As businesses compete for customers in the digital economy, some use deceptive tactics to manipulate consumer reviews about their goods or services, or those of their competitors, including by posting fake reviews. These fake reviews can damage honest companies’ reputation and deceive consumers into purchasing goods or services of substandard quality. To address this problem, federal and state policymakers should significantly strengthen enforcement actions against the perpetrators of fake reviews, work with the private sector to develop best practices to prevent and detect fake reviews, and enact legislation to protect honest reviewers.
How Policymakers Can Thwart the Rise of Fake Reviews
Morgan Stevens is a Research Assistant at the Center for Data Innovation. She holds a J.D. from the Sandra Day O'Connor College of Law at Arizona State University and a B.A. in Economics and Government from the University of Texas at Austin.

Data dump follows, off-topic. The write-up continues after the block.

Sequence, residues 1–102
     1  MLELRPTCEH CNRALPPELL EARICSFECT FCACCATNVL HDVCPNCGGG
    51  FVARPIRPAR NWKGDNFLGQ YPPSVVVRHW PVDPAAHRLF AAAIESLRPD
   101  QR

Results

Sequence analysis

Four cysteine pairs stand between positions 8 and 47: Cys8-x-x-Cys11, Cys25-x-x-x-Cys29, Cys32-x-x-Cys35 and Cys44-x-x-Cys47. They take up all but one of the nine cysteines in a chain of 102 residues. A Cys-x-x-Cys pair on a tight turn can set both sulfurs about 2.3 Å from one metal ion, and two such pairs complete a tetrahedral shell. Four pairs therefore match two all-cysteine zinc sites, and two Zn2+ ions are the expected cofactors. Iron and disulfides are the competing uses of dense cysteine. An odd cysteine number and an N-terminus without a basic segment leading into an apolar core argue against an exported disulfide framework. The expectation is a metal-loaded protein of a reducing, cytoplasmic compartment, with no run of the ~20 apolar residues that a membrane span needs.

Daniel Castro is the director of the Center for Data Innovation and vice president of the Information Technology and Innovation Foundation. Mr. Castro writes and speaks on a variety of issues related to information technology and internet policy, including data, privacy, security, intellectual property, internet governance, e-government, and accessibility for people with disabilities. His work has been quoted and cited in numerous media outlets, including The Washington Post, The Wall Street Journal, NPR, USA Today, Bloomberg News, and Businessweek. In 2013, Mr. Castro was named to FedScoop’s list of “Top 25 most influential people under 40 in government and tech.” In 2015, U.S. Secretary of Commerce Penny Pritzker appointed Mr. Castro to the Commerce Data Advisory Council. Mr. Castro previously worked as an IT analyst at the Government Accountability Office (GAO) where he audited IT security and management controls at various government agencies. He contributed to GAO reports on the state of information security at a variety of federal agencies, including the Securities and Exchange Commission (SEC) and the Federal Deposit Insurance Corporation (FDIC). In addition, Mr. Castro was a Visiting Scientist at the Software Engineering Institute (SEI) in Pittsburgh, Pennsylvania where he developed virtual training simulations to provide clients with hands-on training of the latest information security tools. He has a B.S. in Foreign Service from Georgetown University and an M.S. in Information Security Technology and Management from Carnegie Mellon University.